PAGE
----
Forecast-based financing for flash floods

socioeconomic factors such as risk perception, gender and religion, to name a few.

A thought experiment we use to explain the complexity of taking action before a potential disaster is to think about what we would tell a community that considers itself to be at high risk of flood when an FbF system instead shows a different area (one that is normally at low risk) should receive cash transfer for early action. Without explicitly doing so, the decision maker is de-prioritizing one community for another. This is a much different framing than asking ‘What community do we prioritize for the cash transfers?’. Furthermore, such a decision might need to happen on a sunny day, five days before any potential flood occurs. This will likely add to people’s skepticism that the de-prioritization is justified. And remember that no forecast is perfect. What happens if the flood actually does occurs in the high-risk community? This can happen 1 out of 10 times in a forecast that is 90 percent accurate, which is very high.

Finally, another issue is the development of the early-action protocols and making sure the there’s good communication and coordination with the national-level disaster management agencies. In many countries, the Red Cross/Red Crescent National Society is closely linked to the governments, and FbF is an opportunity to further strengthen that link.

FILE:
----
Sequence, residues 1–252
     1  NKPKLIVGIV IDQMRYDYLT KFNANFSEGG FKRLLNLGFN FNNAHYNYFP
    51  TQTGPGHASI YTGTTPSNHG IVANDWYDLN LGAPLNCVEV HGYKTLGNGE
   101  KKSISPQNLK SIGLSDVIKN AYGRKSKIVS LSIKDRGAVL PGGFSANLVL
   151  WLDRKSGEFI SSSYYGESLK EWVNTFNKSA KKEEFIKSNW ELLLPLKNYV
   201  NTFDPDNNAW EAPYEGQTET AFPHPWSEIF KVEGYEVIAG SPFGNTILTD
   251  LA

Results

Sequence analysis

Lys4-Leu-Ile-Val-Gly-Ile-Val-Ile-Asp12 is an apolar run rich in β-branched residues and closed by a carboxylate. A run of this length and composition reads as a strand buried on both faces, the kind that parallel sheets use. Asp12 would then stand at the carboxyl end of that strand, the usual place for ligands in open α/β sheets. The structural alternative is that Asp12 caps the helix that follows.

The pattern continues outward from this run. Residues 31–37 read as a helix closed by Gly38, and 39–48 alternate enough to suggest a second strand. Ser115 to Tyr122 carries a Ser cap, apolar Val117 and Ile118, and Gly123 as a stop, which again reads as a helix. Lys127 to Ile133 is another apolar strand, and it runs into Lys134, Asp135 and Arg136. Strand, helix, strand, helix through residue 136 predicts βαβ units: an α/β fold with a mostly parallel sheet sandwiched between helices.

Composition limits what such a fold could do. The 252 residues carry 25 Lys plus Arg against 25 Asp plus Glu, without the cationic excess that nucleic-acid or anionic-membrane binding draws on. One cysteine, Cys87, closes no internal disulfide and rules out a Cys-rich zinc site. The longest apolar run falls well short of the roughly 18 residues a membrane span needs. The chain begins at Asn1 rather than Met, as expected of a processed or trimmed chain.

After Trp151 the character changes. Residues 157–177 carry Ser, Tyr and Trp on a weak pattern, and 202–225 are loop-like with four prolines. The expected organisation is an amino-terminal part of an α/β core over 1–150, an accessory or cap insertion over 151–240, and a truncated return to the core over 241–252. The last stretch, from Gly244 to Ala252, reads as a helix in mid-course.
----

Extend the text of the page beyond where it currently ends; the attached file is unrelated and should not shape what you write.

Fiondella: Some of your current research is being funded by NASA. What’s the connection here to flash floods?
: Yes, NASA Disasters Program is funding this research because satellites are useful to understanding risk of flash floods at a global scale. It is co-sponsored by the Group on Earth Observations (@GEOSEC2025). Without satellite data in this context, flash flood risk is largely dependent on ground-based radar data, which is only available in limited areas, and ground reports. Satellites will allow for my team, which comprises staff from IRI, the Columbia’s Masters of Arts Program in Climate and Society and the University of Chicago, to explore how flash flood risk may differ from one country, and city, to another. This will be done from a user-centric framing with a goal of identifying the steps needed to build a flash-flood FbF system.

Francesco Fiondella is author at State of the Planet. This interview is published courtesy of Earth Institute, Columbia University